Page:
Os Guinness may be an import from the UK, but he has his finger on the pulse of American culture. In Impossible People: Christian Courage and the Struggle for the Soul of Civilization, Guinness calls on Western Christians to stand against the "four infamous S factors that have built up over several centuries: Secularism, . . . secularization, . . . separationism, and . . . statism" that have contributed to the widening cultural gap between Christians and the wider culture.
The West is becoming, or has become, a cut flower civilization. "The West is cutting off its Jewish and Christian roots and destroying the entire root system of tis culture." Just like a cut flower can only last so long, no matter how many times you freshen up the water in the vase, so is the survival of the beauty and strength of our culture at risk as long as it is cut off from its Judeo-Christians roots.
As one important example, Guinness offers the idea of equality. The American ideal that "all men are created equal" is demonstrably not true from a genetic, evolutionary, purely secular perspective. By contrast, "The Americans got the idea of equality from Christianity, which argues that every person has a directly created soul, and that all people are equal before God." Without the moorings of faith, equality drifts away.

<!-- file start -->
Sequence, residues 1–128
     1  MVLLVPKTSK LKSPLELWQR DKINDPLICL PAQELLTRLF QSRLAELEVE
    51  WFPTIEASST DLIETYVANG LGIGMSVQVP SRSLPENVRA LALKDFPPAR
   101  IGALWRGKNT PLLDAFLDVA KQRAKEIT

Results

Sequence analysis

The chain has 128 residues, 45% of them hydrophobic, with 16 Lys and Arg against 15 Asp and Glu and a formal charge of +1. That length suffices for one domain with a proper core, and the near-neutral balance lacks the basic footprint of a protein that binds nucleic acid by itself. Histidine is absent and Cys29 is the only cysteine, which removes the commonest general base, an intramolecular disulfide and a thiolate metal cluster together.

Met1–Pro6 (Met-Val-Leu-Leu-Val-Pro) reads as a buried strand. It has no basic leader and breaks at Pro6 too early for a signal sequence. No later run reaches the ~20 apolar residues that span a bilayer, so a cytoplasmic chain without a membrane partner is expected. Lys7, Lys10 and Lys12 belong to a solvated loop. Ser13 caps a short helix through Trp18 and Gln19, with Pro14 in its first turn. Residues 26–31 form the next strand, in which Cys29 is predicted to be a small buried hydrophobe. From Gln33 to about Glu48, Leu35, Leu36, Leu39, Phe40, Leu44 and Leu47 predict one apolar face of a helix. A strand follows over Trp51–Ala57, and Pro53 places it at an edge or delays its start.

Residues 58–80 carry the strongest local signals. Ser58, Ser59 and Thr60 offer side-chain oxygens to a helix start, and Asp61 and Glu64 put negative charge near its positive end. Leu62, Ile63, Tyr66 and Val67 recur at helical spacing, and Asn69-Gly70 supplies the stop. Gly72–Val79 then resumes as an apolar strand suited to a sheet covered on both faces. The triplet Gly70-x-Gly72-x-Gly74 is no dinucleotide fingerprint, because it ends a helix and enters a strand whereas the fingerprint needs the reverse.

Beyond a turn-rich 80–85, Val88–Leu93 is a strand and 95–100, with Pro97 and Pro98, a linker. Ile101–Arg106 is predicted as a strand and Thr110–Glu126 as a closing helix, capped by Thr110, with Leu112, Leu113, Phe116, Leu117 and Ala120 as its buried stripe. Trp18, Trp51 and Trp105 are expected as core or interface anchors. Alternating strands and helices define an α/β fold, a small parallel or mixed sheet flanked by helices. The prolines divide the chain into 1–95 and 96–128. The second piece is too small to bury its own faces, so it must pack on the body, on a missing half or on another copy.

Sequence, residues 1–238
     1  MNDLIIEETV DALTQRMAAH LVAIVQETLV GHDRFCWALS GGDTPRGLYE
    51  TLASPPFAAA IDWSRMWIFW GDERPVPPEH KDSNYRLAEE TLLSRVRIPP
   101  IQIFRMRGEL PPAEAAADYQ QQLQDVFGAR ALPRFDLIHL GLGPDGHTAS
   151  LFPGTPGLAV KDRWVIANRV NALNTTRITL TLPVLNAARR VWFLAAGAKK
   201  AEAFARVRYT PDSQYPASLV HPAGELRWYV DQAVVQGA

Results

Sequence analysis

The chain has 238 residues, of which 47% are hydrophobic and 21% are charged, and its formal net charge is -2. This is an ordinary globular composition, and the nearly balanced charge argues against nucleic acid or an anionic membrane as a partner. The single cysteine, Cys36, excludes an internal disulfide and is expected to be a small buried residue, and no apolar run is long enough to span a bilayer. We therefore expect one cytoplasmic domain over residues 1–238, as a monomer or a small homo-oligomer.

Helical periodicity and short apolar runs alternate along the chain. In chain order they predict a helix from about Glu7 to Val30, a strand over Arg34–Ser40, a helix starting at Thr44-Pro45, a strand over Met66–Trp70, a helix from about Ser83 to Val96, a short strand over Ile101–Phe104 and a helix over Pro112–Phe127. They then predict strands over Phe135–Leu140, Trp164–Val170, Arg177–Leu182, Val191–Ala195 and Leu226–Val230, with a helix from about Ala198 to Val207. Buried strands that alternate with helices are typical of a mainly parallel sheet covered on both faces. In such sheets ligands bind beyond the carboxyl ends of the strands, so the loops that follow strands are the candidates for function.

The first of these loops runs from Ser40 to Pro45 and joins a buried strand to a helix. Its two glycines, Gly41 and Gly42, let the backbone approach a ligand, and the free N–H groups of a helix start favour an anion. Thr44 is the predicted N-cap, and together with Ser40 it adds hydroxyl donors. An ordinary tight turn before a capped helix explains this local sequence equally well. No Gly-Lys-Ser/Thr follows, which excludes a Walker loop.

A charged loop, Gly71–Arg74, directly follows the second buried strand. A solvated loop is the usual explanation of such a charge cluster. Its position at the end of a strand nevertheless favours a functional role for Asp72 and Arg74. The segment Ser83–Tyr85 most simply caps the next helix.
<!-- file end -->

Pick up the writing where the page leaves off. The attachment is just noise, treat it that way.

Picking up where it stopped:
Guinness doesn't place the blame for the loss of our roots on atheists, but on the church itself. "the sad truth we must bear on our hearts is that we who follow Jesus are often the leading argument for the rejection of our Lord." Chruches have been too concerned with cultural relevance and appealing to popular tastes and trends, so that "churches resemble a field of quick-growing, quick-disappearing field of mushrooms rather than a longstanding forest of oaks." His solution? "What we need above all in the church today is for each Christian to have a profound personal knowledge and experience of God himself, and a deep knowledge of the Scriptures as his authoritative Word."
These are hard truths, but Guinness's tone is not judgmental or angry. He is a modern-day prophet, calling the people of God to turn back to him. God is looking for "impossible people--Christians with hearts that can melt with compassion, but with faces like flint and backbones of steel who are unmanipulable, unbribable, undeterrable and unclubbable, without ever losing the gentleness, the mercy, the grace and the compassion of our Lord."
Thanks to NetGalley and the publisher for the complimentary electronic review copy!
2016 Reading Challenge: A book written by an Anglican